Moreover, to the extent that compliance with the wage and price standards is widespread, a corresponding reduction (or more gentle increase) in Government expenses should take place.* There is every reason to anticipate general compliance throughout the economy. Executive officials have cited initial indications that most large companies will comply with the standards,* and the inflation problem is too serious for businessmen and workers not to understand the importance of compliance. In addition, by setting standards for both wages and prices Executive Order 12092 attempts to eliminate the need for either business or labor to seek price and wage increases. Finally, if the voluntary restraint program is effective in slowing inflation in the economy as a whole, the Government will face lower costs in the future than it would have otherwise.* Such a strategy of seeking the greatest advantage to the Government, both short and long-term, is entirely consistent with the congressional policies behind the FPASA.*

We do not deny that under Executive Order 12092 there may be occasional instances where lowest bidder will not be awarded a contract. Nevertheless, we find no basis for rejecting the President's conclusion that any higher costs incurred in those transactions will be more than offset by the advantages gained in negotiated contracts and in those cases where the lowest bidder is in compliance with the voluntary standards and his bid is lower than it would

have been in the absence of standards.* Consequently, we conclude that Executive Order 12092 is in accord with the "economy and efficiency" touchstone of the FPASA. By acting to restrain procurement costs across the entire Government, the President was within his Section 205(a) powers.

We wish to emphasize the importance to our ruling today of the nexus between the wage and price standards and sikely savings to the Government. As is clear from the terms and history of the statute and from experience with its implementation, our decision today does not write a blank check for the President to fill in at his will.* The procurement power must be exercised consistently with the structure and purposes of the statute that delegates

that power.* [Slip Opinion at 17-19] (*Footnotes omitted)

Next the court addressed the lower court's finding that the program is mandatory and therefore barred by COWPSĂ:

We disagree with the District Court's conclusion. Although every denial of a benefit may be viewed in some sense as a sanction, we do not find in the procurement compliance program those elements of coercion and enforceable legal duty that are commonly understood to be part of any legally mandatory requirement.* The situation in this case seems analogous to those federal programs that offer funds to state and local governments on certain conditions. The Supreme Court has upheld such conditional grants, observing on one occasion through Justice Cardozo that "to hold that motive or temptation is equivalent to coercion is to plunge the law in endless difficulties.'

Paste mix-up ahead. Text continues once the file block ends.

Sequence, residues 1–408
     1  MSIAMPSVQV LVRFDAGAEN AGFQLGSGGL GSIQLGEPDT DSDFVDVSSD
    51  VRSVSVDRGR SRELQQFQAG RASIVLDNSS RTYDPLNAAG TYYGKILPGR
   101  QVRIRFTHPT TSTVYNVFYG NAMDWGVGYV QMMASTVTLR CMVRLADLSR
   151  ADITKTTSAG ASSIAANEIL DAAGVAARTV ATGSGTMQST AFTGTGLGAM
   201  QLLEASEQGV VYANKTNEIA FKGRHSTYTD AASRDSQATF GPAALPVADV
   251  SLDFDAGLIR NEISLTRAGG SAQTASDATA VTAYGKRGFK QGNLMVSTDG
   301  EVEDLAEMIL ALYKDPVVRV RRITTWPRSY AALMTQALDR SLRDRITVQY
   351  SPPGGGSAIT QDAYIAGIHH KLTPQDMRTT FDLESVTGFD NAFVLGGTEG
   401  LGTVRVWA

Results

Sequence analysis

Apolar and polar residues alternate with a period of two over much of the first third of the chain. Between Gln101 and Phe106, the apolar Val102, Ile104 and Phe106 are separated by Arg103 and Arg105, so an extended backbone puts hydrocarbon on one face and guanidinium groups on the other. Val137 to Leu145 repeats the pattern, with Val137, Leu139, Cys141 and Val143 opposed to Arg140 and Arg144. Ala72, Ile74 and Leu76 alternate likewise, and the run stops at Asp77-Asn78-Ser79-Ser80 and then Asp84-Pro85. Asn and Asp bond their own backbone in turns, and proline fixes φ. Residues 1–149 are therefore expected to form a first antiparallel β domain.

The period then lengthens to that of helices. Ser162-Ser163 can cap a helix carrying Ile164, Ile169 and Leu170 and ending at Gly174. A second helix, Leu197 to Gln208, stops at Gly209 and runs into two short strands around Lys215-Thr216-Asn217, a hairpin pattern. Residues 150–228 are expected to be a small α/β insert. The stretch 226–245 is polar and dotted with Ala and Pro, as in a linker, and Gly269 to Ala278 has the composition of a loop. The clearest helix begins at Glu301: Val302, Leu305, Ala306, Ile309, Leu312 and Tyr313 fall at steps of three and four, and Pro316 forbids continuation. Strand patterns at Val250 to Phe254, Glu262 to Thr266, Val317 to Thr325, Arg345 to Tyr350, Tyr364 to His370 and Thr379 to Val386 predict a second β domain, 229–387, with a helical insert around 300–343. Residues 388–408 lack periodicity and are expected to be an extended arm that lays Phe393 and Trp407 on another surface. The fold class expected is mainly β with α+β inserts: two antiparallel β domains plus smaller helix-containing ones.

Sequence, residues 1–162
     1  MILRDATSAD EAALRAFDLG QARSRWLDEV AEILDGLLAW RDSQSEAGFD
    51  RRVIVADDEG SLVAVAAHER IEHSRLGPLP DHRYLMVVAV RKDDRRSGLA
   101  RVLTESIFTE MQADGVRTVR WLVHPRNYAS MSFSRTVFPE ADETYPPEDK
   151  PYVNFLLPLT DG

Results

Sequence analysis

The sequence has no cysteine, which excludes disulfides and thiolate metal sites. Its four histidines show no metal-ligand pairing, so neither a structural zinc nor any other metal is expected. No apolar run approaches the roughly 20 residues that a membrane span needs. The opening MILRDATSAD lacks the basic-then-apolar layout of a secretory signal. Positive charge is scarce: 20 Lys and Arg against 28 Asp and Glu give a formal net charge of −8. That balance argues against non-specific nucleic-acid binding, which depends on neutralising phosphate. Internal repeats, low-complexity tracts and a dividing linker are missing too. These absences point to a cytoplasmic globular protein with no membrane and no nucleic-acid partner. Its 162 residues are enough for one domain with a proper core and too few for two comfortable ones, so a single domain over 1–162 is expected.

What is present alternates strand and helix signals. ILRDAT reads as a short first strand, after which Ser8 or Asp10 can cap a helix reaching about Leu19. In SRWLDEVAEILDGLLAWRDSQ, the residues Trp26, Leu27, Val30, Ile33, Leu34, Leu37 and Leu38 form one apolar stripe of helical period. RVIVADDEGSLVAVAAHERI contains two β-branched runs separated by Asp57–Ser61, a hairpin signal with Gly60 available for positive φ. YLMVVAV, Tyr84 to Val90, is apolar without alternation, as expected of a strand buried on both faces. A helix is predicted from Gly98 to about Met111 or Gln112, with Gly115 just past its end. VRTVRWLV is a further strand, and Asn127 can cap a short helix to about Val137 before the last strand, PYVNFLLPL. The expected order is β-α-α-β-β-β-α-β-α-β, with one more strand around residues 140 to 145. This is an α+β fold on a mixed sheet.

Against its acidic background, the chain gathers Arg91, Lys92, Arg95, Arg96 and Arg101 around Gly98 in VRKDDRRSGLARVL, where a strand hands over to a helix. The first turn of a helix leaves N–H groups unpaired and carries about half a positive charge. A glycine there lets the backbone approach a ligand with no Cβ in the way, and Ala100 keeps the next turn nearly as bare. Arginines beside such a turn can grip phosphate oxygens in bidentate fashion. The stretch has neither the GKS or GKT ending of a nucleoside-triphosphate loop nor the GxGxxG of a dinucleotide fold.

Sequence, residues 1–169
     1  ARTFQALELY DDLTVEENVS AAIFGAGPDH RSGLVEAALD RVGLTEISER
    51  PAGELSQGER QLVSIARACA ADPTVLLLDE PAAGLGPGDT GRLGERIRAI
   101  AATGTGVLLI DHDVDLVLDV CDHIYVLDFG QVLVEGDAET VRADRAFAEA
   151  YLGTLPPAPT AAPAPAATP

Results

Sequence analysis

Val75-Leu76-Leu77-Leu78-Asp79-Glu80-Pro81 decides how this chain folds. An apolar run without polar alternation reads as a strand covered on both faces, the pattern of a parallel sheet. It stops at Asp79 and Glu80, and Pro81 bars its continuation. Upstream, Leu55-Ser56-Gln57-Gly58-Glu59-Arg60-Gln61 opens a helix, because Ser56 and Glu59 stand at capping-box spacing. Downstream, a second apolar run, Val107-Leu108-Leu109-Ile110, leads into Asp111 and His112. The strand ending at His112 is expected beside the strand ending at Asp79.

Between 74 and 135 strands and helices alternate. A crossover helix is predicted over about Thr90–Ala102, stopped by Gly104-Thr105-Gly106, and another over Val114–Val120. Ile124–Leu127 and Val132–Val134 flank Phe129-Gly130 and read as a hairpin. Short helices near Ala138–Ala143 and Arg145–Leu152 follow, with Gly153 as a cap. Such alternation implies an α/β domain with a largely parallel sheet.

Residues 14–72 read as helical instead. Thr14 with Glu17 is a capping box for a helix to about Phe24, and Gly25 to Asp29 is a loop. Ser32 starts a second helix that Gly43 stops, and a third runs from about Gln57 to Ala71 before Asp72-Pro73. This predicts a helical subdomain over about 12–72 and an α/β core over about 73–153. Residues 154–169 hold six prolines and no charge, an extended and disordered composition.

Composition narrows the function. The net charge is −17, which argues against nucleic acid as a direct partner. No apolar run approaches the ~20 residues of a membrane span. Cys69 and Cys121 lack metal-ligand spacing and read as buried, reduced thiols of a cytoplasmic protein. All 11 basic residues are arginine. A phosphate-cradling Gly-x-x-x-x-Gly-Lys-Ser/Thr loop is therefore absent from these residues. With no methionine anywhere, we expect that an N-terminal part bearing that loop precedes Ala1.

Further, any alleged mandatory character of the procurement program is belied by the principle that no one has a right to a Government contract. As the Supreme Court ruled in Perkins v. Lukens Steel Co., "[T]he Government enjoys the unrestricted power ** to determine those with whom it will deal, and to fix the terms and conditions upon which it will make needed purchases. Those wishing to do business with the Government must meet the Government's terms; others need not.

The question presented by this case, however, is not whether in some abstract sense President Carter's program is mandatory or voluntary, but whether it is barred by Section 3(b) of COWPSA. In our view, that provision refers to the sort of mandatory economic controls imposed during World War II, the Korean War, and the early 1970s. The statute covers “prices, rents, wages, salaries, [and] corporate dividends,"* a likely reference to a similar list in Section 203(a) of the Economic Stabilization Act Amendments of 1971 which established legally enforceable wage and price controls.* Because COWPSA was enacted just a few months after the Economic Stabilization Act expired, it is reasonable to conclude that the language of Section 3(b) looks back to the provisions of the earlier Act.

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In addition, the standards in Executive Order 12092, which
cover only wages and prices, are not as extensive as the
list in Section 3(b). Consequently, we do not think the
procurement compliance program falls within the coverage
of Section 3(b), but rather is a halfway measure outside the
contemplation of Congress in that enactment. This inter-
pretation is reinforced by the fact that Executive Order
12092, unlike the earlier wage and price programs, makes
no provision for civil or criminal penalties or injunctions.

Perhaps more important, Section 3(b) is irrelevant to the
President's procurement compliance program. The statu-
tory provision states that “[n]othing in this Act
thorizes * mandatory economic controls" (emphasis
added). Executive Order 12092 relies on COWPSA for the